Details on claiming call centre operator expenses.
You can't claim a deduction for prescription glasses or contact lenses, even if you need to wear them while working. These are private expenses.
You can claim a deduction for the cost of protective glasses if you wear them to reduce the real and likely risk of illness or injury while working as a call centre operator. Protective glasses include anti-glare or photochromatic glasses, sunglasses, safety glasses or goggles.
You can only claim a deduction for the work-related use of the item.
You can't claim a deduction for hairdressing, cosmetics, hair and skin care products, even though:
- you may receive an allowance for grooming
- your employer expects you to be well groomed.
All grooming products are private expenses.
You can claim a deduction for the costs you incur to wash, dry and iron clothing you wear at work if it's:
- protective (for example, a hi-vis jacket)
- occupation specific and not a conventional, everyday piece of clothing such as jeans or general business attire
- a uniform either non-compulsory and registered with AusIndustry or compulsory.
This includes laundromat and dry-cleaning expenses.
We consider that a reasonable basis for working out your laundry expenses claim is:
- $1 per load if it only contains clothing you wear at work from one of the categories above
- 50c per load if you mix personal items of clothing with work clothing from one of the categories above.
You can claim the actual costs you incurred for repairing and dry-cleaning expenses.
If your laundry claim (excluding dry-cleaning expenses) is $150 or less, you don't need to keep records but you will still need to calculate and be able to show how you work out your claim. This isn't an automatic deduction.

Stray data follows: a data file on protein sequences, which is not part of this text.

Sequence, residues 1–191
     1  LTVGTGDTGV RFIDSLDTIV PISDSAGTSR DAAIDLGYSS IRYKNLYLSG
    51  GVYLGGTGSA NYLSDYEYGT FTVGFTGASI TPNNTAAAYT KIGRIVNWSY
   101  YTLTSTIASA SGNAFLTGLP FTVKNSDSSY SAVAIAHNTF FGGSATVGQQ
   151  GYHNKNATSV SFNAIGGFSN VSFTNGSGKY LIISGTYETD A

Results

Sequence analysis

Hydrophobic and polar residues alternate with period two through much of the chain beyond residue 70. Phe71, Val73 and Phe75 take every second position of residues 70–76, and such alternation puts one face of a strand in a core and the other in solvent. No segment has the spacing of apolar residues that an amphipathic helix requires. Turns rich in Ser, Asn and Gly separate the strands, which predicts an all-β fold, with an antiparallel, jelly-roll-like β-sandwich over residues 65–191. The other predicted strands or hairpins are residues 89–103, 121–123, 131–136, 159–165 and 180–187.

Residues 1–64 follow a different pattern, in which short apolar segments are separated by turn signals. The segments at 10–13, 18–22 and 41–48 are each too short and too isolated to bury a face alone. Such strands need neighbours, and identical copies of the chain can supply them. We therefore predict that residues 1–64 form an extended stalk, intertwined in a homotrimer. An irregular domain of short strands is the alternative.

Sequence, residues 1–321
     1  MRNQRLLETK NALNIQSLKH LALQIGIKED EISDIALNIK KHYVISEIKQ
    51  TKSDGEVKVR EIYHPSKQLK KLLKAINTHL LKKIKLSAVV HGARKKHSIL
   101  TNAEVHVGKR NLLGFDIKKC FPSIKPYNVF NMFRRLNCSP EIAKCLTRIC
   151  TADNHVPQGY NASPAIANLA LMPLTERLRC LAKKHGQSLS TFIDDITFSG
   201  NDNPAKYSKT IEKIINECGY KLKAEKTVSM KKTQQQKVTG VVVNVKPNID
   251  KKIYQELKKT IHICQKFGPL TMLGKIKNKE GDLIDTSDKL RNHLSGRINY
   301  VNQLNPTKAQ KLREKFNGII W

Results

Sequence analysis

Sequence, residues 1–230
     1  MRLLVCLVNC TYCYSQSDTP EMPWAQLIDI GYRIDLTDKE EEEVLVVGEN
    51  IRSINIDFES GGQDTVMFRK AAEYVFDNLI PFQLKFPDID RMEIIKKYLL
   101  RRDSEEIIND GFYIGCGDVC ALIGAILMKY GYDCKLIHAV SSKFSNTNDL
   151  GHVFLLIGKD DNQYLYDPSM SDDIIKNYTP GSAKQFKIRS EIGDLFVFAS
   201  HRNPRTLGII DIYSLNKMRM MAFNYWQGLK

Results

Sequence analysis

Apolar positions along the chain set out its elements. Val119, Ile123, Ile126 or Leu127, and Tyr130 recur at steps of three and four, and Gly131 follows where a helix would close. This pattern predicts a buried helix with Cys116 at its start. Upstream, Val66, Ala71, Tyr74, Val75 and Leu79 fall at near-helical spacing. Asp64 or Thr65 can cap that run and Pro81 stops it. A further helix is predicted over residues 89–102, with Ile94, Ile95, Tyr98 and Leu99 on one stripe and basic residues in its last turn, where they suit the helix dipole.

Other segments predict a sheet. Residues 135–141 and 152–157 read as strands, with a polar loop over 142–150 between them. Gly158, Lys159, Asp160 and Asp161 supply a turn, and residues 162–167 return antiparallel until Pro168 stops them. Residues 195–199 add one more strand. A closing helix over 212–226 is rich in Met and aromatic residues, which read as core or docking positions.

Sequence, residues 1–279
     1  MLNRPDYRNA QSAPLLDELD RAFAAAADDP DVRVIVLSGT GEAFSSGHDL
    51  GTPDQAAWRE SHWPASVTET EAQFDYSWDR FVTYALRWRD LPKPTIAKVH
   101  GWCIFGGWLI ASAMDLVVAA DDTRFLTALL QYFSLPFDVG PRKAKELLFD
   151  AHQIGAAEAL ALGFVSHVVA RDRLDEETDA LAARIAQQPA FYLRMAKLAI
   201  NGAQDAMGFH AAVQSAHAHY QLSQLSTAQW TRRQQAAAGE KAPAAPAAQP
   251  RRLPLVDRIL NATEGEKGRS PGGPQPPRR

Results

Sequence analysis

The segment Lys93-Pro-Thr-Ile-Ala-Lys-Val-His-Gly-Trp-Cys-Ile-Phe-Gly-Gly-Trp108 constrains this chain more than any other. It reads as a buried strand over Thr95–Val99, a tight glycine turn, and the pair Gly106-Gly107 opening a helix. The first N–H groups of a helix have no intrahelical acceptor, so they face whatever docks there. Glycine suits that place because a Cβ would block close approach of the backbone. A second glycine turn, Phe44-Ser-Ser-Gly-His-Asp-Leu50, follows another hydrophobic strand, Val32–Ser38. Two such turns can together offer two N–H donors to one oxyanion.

Example: uniform laundry expenses
Sally's employer provides all staff with compulsory uniforms. She washes, dries and irons her uniforms separately twice a week. Sally works 48 weeks during the year. Her claim of $96 for laundry expenses is worked out as follows:
Number of claimable laundry loads per week × number of weeks × reasonable cost per load
2 × 48 × $1 = $96
As Sally's total claim for laundry expenses is less than $150 ($96), she isn't required to maintain written evidence of her laundry expenses.
Although Sally isn't required to provide written evidence of her claim for laundry, if asked, she will still need to explain how she calculated her claim.End of example
You can't claim a deduction for the cost of massages or other alternative therapies, these are private expenses.
You can't claim a deduction for the cost of food, drink or snacks you consume during your normal working hours, even if you receive a meal allowance. These are private expenses.
You can claim:
- overtime meal expenses, but only if you buy and eat the meal while you are performing overtime and you receive an overtime meal allowance under an industrial award
- cost of meals you incur when you are travelling overnight for the purpose of carrying out your employment duties (travel expenses).
Example: no deduction for meal